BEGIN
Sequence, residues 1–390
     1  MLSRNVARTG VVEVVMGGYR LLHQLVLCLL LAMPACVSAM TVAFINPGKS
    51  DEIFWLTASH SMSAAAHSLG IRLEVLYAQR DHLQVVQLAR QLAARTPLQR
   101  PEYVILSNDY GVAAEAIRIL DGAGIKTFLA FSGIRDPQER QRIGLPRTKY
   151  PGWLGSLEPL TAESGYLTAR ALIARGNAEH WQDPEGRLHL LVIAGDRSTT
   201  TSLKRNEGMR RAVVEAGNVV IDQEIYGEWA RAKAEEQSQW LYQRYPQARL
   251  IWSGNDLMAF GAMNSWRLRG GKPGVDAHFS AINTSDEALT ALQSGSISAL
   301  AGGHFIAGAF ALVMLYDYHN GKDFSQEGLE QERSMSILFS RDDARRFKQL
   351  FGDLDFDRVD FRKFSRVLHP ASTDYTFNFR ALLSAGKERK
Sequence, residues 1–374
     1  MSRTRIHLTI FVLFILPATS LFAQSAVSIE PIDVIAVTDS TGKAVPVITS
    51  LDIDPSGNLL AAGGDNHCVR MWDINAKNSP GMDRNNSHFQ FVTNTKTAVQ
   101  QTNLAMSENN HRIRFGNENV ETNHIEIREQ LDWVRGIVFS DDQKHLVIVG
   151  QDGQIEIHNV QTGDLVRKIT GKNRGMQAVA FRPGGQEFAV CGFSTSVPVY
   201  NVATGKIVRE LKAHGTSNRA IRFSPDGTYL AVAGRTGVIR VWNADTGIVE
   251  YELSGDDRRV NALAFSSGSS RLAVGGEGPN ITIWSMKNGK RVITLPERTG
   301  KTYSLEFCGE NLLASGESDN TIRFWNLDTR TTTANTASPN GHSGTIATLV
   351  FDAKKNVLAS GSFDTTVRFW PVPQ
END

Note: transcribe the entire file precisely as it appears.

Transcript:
Sequence, residues 1–390
     1  MLSRNVARTG VVEVVMGGYR LLHQLVLCLL LAMPACVSAM TVAFINPGKS
    51  DEIFWLTASH SMSAAAHSLG IRLEVLYAQR DHLQVVQLAR QLAARTPLQR
   101  PEYVILSNDY GVAAEAIRIL DGAGIKTFLA FSGIRDPQER QRIGLPRTKY
   151  PGWLGSLEPL TAESGYLTAR ALIARGNAEH WQDPEGRLHL LVIAGDRSTT
   201  TSLKRNEGMR RAVVEAGNVV IDQEIYGEWA RAKAEEQSQW LYQRYPQARL
   251  IWSGNDLMAF GAMNSWRLRG GKPGVDAHFS AINTSDEALT ALQSGSISAL
   301  AGGHFIAGAF ALVMLYDYHN GKDFSQEGLE QERSMSILFS RDDARRFKQL
   351  FGDLDFDRVD FRKFSRVLHP ASTDYTFNFR ALLSAGKERK
Sequence, residues 1–374
     1  MSRTRIHLTI FVLFILPATS LFAQSAVSIE PIDVIAVTDS TGKAVPVITS
    51  LDIDPSGNLL AAGGDNHCVR MWDINAKNSP GMDRNNSHFQ FVTNTKTAVQ
   101  QTNLAMSENN HRIRFGNENV ETNHIEIREQ LDWVRGIVFS DDQKHLVIVG
   151  QDGQIEIHNV QTGDLVRKIT GKNRGMQAVA FRPGGQEFAV CGFSTSVPVY
   201  NVATGKIVRE LKAHGTSNRA IRFSPDGTYL AVAGRTGVIR VWNADTGIVE
   251  YELSGDDRRV NALAFSSGSS RLAVGGEGPN ITIWSMKNGK RVITLPERTG
   301  KTYSLEFCGE NLLASGESDN TIRFWNLDTR TTTANTASPN GHSGTIATLV
   351  FDAKKNVLAS GSFDTTVRFW PVPQ